“At first there was skepticism and students said things like, ‘Oh, you’re just trying to make this relevant.’ But then they saw it was authentic math that people are actually using to predict the spread of the virus exponentially and when it will peak. Epidemiologists are expecting cases to double every six days, so we talked about what that equation looks like, based on Los Angeles County data and statistics. By the end of the lesson, the kids could see how mayors and governors arrived at their conclusion to close down and for how long.”
Benson says such lessons demystify what’s going on in the world and how scientists and government leaders are making decisions for the common good.
Becky Vega, a math teacher at Morse High School in San Diego, adapted a math lesson out of an XKCD comic she saw on Facebook. In her exercise, “The 6-Foot Zone,” students are asked to visualize how much space that represents.
“They start by calculating the amount of total space surrounding themselves in the 6-foot social distancing space that we are all trying to follow. Then they choose an object at home and calculate how many of those objects fit in the space. Hopefully, this helps them see just how much space they need to themselves if they have to go out.”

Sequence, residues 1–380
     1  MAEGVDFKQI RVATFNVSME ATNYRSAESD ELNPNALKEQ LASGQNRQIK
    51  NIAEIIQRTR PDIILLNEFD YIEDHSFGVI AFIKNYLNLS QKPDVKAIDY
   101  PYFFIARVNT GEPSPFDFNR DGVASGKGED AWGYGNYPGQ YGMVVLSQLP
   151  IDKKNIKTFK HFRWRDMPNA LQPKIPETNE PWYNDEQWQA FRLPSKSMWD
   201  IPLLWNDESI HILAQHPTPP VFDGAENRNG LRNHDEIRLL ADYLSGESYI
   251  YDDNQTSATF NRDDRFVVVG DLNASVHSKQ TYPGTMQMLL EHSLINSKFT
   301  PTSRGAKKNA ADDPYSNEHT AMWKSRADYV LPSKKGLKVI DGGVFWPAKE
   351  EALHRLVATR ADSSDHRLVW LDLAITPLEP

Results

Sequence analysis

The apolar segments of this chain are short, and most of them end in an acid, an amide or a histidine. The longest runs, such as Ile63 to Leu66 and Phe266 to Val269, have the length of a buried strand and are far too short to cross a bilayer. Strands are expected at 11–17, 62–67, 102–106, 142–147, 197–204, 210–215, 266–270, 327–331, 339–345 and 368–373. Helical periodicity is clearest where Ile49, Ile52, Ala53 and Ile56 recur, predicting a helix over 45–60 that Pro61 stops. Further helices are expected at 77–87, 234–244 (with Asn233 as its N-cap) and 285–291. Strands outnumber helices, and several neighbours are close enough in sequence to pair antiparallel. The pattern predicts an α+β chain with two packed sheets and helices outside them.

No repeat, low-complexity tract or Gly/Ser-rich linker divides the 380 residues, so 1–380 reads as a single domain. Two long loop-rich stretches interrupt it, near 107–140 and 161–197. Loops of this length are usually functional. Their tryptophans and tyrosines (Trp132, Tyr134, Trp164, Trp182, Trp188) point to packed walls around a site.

Vega, a member of San Diego Education Association, says most students haven’t studied area and circumference since middle school, and she was planning to teach it later this year. Many students described being bored these last few weeks at home, so they chose to participate in this enrichment activity. The Go Formative platform allows her to watch students work in real time and gives her a chat box for timely feedback.
She won’t be able to link upcoming units, such as right triangle trigonometry, with the coronavirus. So, it will be back to the standards.
“When we begin again for credit, on April 27, students will have missed five weeks of school. I know all teachers will be working hard to create focused lessons for students so they will be prepared for the next school year.”
Editor’s note: History matters! Check out what we can learn about our current crisis from the 1918 flu pandemic, by high school history and journalism teacher John Grech, West Sonoma County Teachers Association.
How are you incorporating COVID-19 into your curriculum? Tell us at firstname.lastname@example.org.
Featured image credit: Allie Smith / Unsplash